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he lost more than 68 lawsuits that were filed in the courts. including ten that were rolled on by judges that he put in place. when you put all of that evidence together, a pretty compelling picture emerges. and as neil points out, there are a lot of different ways to prosecute the former president. >> right. it is neil also says, he makes the case that those hearings are given the department of justice the cover and the foundation to do what a lot of people wanted to do. we just need to see whether they actually go ahead and do it. joyce vance, maya wylie, thank you both very much for coming back to the sunday show. be sure to tune in on tuesday for special coverage of the next january 6th hearing on noon eastern, led by count mackinnon. andrea mitchell, and -- jackson. with a special committee led by rachel maddow, beginning at 8 pm eastern, all here on msnbc. after the, break the federal reserve just raise interest rates to try to campaign inflation. in over here the condo.
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grocery store, or we are being stopped by rising prices. this week the federal reserve announced that it would raise interest rates by three quarters of a percentage point, to tackle inflation. the biggest hike since 19 and 84. meanwhile, president biden said
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to stay optimistic. he told the associated press that a recession is, quote, not inevitable. that maybe, but americans are already feeling the pain. earlier i spoke with austin goolsbee, former chairman of the council of economic advisers for president obama. and professor at the university of chicago, booth school of business. austin, thank you very much for coming to the sunday show. >> thank you for having me back. >> all right. so. will the interest rate hike works in tamping down inflation? maybe. maybe not. i mean, it depends how much of the inflation you think is coming from supply disruptions and how much from demand? it's important to remember, the only instrument the fed has, it just has a hammer. and that hammer is, it can reduce the demand of parts of the economy that are interest rates sensitive. like housing, like buying of cars, buying consumer durables.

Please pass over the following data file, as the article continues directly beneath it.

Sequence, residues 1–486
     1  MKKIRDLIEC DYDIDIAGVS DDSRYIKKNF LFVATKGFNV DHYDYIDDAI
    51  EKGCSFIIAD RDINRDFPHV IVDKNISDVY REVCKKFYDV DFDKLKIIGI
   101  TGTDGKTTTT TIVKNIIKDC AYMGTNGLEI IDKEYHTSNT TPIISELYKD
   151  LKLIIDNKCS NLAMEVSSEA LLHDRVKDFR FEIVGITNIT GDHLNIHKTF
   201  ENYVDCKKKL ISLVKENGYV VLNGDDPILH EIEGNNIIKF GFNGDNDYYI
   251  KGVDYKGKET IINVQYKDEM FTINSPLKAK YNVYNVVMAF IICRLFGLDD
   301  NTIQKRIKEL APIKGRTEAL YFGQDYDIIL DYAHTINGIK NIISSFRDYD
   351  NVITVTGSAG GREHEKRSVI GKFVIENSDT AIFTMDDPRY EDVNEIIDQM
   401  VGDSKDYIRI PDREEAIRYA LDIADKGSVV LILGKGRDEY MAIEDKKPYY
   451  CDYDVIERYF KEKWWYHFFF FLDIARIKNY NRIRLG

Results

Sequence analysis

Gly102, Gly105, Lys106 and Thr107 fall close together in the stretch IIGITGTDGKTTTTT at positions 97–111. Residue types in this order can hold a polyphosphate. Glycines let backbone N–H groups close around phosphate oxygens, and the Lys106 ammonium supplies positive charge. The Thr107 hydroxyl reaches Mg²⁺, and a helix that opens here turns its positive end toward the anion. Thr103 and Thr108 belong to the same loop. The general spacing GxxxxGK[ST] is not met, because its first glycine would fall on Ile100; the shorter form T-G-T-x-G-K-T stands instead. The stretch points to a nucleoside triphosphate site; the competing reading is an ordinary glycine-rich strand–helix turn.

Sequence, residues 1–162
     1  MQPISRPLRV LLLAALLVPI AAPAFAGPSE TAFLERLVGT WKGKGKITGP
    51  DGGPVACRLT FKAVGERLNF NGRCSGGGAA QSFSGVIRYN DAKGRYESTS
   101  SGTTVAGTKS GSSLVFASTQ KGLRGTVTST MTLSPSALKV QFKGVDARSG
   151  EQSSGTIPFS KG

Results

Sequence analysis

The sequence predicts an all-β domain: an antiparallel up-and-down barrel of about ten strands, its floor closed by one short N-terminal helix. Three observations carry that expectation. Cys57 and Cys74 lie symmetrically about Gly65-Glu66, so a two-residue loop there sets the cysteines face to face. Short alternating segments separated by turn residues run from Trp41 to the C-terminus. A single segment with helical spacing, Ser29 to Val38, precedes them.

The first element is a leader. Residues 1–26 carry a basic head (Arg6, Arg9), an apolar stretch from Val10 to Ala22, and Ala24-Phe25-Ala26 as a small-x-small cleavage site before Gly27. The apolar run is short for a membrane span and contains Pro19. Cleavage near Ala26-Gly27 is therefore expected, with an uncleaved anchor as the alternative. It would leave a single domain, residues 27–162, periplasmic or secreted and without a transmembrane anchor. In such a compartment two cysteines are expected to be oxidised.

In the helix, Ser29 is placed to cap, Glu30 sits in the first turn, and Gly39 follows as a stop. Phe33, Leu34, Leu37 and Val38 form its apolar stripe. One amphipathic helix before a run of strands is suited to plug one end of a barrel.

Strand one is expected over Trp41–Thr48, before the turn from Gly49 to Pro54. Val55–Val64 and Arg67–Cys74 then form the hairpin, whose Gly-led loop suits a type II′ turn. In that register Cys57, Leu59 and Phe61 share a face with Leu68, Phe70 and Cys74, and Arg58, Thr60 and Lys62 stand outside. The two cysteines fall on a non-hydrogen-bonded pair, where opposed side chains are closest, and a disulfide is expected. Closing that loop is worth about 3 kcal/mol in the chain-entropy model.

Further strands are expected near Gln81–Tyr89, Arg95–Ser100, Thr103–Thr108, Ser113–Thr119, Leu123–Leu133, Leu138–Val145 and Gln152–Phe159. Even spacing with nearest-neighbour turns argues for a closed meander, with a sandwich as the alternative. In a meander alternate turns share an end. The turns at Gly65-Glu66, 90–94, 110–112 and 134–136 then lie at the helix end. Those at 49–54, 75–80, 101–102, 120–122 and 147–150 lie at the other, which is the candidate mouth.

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and sometimes, that's the right answer. in sometimes, that's not the right answer. now we got to hope that it's going to get a little bit of a tailwind as some of these supply disruptions hopefully ease over the summer. but there's definitely a risk that with fed starts raising rates, it leads us into recession that they raise the rates fastening the economy can handle. >> and that is a great segue into my next question, because i was wondering if by making money more expensive to borrow, it doesn't the fed run the risk of hastening a recession it's hoping to avoid? >> yeah, look, your on to exactly the central dilemma that the fed always faces but especially in times of great uncertainty like this. they're trying to apply the brakes on one side to offset how hard the accelerators going on the other side. and if they go too far, they
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exactly as you say, their goal is to prevent a recession but they can cause a recession. >> so then given the 0.7 5% raise in the interest rates, do you think the fed has gone too far? >> it is indeed. now ray some cells are still very low, by historic terms. and i don't think there's anything wrong with kind of moving interest rates back to around the levels they were before covid. as covid drifts away, especially in this context that we've had, high inflation. but if they keep raising 75 basis points as they call it, even a full percentage point at each meeting. there is definitely danger that in the face of, we've got fiscal drag as we call it, that we had a big amount of spending